“I really liked the idea of being on the front end of something that was innovative with regards to homeless services,” he said. With a preexisting reputation on the streets with his outreach work, Chavers was selected.
The HART team blends outreach services, support and law enforcement to serve people living outdoors. The team is made up of three outreach workers and Chavers.
“My job is to do all the stuff that a civilian wouldn’t have the authority to do, nor necessarily the understanding or professional training experience when push comes to shove like should we tow that car or not,” he said. “Legally we can, but the question is, should we?”
Jamie Spinelli, homeless response coordinator for the city and HART member, said that having Chavers on the team has shifted some of the engagement between law enforcement and people experiencing homelessness.
“I think there’s been a significant amount of trust built with having Tyler taking the lead on how law enforcement manages homelessness,” said Spinelli.
Chavers builds that trust by following the golden rule: treat others how you’d want to be treated.
“I build relationships by being kind and respecting other people,” he said. “But kindness shouldn’t be mistaken for weakness … I think a large part of relationship building for me is following through. If I tell someone what the expectation is, I have to follow through or I will lose credibility. If I lose that, there’s no respect. And no respect means that I don’t have a relationship with them.”
When out in the field, he takes a bit of extra time to get to know people’s names, their stories on top of their needs.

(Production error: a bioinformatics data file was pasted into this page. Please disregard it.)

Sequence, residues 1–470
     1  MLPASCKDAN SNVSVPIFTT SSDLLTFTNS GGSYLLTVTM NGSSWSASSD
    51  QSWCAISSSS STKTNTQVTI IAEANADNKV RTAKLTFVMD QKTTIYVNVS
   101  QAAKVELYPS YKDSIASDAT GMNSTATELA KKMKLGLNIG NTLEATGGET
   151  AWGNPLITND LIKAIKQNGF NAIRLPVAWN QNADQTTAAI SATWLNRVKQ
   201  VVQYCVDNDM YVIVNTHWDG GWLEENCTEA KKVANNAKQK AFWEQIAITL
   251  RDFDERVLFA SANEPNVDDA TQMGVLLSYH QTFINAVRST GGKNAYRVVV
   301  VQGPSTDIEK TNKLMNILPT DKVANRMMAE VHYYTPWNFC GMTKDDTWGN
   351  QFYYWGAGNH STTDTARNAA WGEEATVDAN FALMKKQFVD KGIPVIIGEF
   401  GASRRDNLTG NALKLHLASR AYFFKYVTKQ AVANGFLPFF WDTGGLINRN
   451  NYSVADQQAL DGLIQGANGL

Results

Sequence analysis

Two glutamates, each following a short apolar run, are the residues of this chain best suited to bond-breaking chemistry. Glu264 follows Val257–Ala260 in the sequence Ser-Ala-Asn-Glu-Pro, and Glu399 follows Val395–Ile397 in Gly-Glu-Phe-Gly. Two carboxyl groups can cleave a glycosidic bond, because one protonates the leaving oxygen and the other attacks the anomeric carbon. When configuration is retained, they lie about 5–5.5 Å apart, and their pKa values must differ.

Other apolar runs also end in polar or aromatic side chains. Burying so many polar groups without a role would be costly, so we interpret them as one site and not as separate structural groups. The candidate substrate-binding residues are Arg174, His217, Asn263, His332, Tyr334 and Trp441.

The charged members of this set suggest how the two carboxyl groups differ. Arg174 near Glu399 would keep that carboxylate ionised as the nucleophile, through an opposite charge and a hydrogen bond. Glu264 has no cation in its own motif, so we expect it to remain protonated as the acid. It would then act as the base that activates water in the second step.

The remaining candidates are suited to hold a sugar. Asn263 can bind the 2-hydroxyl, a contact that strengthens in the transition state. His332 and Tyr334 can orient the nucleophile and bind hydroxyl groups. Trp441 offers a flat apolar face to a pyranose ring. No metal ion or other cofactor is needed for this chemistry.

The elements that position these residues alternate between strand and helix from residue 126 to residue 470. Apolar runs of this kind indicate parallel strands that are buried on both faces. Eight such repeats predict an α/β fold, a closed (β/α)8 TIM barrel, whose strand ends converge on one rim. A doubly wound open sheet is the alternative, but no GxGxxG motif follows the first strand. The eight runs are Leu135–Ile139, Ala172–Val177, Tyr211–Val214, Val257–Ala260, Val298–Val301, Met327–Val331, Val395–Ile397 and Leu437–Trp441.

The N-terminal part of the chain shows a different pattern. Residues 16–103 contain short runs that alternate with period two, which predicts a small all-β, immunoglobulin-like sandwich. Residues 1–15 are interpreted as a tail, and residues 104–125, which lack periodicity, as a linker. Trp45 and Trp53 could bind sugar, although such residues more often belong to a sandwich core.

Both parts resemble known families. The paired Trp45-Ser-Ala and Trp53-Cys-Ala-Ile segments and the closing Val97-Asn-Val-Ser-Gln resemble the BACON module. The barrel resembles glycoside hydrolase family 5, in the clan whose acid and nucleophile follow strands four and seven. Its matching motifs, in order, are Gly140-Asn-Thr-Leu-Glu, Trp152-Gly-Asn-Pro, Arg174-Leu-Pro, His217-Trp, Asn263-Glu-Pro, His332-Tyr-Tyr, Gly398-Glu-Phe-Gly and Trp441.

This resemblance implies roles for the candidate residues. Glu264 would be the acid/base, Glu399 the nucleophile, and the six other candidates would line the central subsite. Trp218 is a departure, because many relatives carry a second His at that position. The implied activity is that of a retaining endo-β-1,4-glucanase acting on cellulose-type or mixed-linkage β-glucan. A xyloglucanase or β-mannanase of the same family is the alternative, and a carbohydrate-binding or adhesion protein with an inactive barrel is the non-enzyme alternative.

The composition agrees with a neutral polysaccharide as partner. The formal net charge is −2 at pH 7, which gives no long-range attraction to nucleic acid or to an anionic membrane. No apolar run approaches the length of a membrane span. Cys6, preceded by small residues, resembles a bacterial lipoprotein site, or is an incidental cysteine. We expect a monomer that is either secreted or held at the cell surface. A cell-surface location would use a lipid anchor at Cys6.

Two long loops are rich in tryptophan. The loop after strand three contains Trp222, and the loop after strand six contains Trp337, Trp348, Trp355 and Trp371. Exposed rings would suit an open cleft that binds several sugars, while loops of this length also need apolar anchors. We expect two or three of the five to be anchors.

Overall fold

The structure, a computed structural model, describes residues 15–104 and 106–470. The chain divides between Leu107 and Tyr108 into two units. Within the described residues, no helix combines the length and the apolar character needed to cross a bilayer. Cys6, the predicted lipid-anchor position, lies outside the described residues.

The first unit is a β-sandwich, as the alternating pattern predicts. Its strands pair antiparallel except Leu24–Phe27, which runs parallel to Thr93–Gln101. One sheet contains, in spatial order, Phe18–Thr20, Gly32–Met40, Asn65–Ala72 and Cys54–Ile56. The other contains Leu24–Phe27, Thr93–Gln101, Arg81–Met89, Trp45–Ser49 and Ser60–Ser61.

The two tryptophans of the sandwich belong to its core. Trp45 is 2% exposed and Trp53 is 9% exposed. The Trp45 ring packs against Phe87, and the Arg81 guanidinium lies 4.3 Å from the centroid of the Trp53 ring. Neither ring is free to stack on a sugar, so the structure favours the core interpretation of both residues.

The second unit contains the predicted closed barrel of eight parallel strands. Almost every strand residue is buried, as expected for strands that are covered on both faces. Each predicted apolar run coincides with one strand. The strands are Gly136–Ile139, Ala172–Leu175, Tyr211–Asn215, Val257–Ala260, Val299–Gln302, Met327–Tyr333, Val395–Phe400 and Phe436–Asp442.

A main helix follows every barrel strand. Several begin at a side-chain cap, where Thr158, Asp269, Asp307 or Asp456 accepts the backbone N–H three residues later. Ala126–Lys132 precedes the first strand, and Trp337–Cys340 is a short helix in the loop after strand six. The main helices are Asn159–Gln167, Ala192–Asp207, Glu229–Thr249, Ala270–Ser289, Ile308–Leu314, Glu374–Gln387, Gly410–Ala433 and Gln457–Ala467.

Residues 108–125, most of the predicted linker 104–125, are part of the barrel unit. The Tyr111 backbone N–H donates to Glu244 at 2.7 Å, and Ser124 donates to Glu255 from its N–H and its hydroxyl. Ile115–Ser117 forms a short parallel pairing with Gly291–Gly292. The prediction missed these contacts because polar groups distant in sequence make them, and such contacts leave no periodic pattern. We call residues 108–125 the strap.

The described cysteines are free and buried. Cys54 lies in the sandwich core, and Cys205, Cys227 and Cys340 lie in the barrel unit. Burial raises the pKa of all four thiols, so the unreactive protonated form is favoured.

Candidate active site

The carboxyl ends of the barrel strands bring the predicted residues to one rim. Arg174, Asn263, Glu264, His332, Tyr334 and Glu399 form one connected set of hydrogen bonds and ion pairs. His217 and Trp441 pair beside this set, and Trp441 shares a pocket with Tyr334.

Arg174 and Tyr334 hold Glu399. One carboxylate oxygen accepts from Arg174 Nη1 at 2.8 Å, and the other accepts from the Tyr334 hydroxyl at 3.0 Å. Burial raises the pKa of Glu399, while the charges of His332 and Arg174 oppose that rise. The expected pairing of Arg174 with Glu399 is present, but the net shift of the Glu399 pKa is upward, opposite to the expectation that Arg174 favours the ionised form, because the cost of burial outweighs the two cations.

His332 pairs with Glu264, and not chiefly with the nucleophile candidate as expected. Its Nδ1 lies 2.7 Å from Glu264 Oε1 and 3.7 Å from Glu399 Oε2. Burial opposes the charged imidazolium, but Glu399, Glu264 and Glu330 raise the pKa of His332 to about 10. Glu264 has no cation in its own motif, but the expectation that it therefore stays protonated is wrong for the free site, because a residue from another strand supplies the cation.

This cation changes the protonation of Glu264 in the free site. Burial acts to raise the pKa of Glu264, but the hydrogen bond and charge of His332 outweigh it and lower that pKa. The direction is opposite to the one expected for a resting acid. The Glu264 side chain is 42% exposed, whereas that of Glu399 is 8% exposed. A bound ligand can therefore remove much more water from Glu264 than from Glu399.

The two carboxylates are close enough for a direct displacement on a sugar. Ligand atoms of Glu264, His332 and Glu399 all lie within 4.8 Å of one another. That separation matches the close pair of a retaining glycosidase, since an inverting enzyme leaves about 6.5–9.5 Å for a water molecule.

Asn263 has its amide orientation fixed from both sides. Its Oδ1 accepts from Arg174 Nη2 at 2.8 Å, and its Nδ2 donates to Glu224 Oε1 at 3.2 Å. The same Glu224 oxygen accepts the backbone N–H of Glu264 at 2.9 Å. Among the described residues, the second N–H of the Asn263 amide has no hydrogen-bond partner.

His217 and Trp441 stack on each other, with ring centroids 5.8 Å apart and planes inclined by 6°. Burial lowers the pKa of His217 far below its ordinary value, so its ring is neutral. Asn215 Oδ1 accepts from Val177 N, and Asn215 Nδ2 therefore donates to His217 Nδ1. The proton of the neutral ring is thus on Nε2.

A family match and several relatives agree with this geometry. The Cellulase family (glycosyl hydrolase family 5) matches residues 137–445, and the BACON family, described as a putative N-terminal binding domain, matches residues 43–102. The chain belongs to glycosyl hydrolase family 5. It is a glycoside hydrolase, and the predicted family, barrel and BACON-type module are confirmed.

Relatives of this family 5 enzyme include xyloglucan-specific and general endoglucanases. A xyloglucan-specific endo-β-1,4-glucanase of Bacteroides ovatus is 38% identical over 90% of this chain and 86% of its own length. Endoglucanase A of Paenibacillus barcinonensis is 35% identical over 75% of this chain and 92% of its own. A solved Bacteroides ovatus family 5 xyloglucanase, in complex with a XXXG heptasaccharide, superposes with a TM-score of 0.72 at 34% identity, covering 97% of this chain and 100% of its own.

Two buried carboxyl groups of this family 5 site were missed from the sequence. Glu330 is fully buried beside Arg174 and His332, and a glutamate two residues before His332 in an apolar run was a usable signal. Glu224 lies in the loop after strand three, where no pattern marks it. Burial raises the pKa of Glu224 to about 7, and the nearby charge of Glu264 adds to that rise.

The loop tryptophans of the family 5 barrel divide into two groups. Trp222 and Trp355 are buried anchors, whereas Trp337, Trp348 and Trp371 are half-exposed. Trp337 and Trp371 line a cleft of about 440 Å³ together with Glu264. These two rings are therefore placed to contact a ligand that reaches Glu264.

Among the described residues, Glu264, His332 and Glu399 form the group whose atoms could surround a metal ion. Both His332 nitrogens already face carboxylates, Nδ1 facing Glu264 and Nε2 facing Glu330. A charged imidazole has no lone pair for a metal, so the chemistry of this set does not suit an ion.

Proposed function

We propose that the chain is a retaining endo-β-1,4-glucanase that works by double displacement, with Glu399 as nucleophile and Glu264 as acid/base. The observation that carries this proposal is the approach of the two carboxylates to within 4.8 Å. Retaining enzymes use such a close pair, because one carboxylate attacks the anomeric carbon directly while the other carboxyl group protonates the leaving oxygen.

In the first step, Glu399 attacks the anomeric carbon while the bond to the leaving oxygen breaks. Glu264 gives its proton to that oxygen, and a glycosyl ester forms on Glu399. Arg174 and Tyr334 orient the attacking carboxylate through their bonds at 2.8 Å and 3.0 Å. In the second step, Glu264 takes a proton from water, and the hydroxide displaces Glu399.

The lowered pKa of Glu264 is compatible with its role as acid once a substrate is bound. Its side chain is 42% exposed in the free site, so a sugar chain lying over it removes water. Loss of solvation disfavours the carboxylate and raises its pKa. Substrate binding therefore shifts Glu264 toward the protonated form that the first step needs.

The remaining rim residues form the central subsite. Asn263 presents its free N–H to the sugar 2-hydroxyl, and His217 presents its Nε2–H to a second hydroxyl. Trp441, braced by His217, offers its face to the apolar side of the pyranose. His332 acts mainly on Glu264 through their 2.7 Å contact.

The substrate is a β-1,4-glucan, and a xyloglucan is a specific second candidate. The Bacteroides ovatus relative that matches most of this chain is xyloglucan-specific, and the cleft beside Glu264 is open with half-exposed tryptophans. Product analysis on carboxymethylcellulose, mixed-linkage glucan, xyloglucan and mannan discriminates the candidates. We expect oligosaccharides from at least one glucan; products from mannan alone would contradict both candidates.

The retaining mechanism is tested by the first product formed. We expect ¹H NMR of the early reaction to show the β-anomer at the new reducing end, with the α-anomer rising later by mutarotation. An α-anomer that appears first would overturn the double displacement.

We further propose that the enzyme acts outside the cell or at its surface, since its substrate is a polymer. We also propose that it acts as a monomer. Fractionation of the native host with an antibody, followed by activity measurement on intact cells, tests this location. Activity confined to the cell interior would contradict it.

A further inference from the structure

“It is as easy as asking, ‘How are you doing today?’ and I really mean it. I’m not just starting a conversation,” he said. “I remind myself how I would want to be treated if I was in their shoes.”
There were stressful and bad days on the beat — what job doesn’t, he said. But there are many moments that make it all worth it.
For years, Chavers worked with a senior woman who had severe mental health issues. Everyone thought she was an “impossible” case and would never accept help. But then she did.
“To be a part of that gaggle team of folks coming together for her — that is a privilege,” he said.
A common practice in law enforcement is to rotate officers throughout roles to freshen up dynamics. But Chavers plans to stay with the HART team until his retirement.
“If you would have told me 25 years ago … even 10 years ago that I was going to finish out my career working with unsheltered homeless folks as my full-time job, I’d say you’re crazy,” he said. “But seeing people that I saw six years ago, with a drug addiction, angry all the time, involved in criminal activity, and then see them today; clean, sober, working, excited to be in the community and healing from trauma in therapy, overcoming all that — it’s surreal.”
This story was made possible by Community Funded Journalism, a project from The Columbian and the Local Media Foundation. Top donors include the Ed and Dollie Lynch Fund, Patricia, David and Jacob Nierenberg, Connie and Lee Kearney, Steve and Jan Oliva, The Cowlitz Tribal Foundation and the Mason E. Nolan Charitable Fund. The Columbian controls all content. For more information, visit columbian.com/cfj.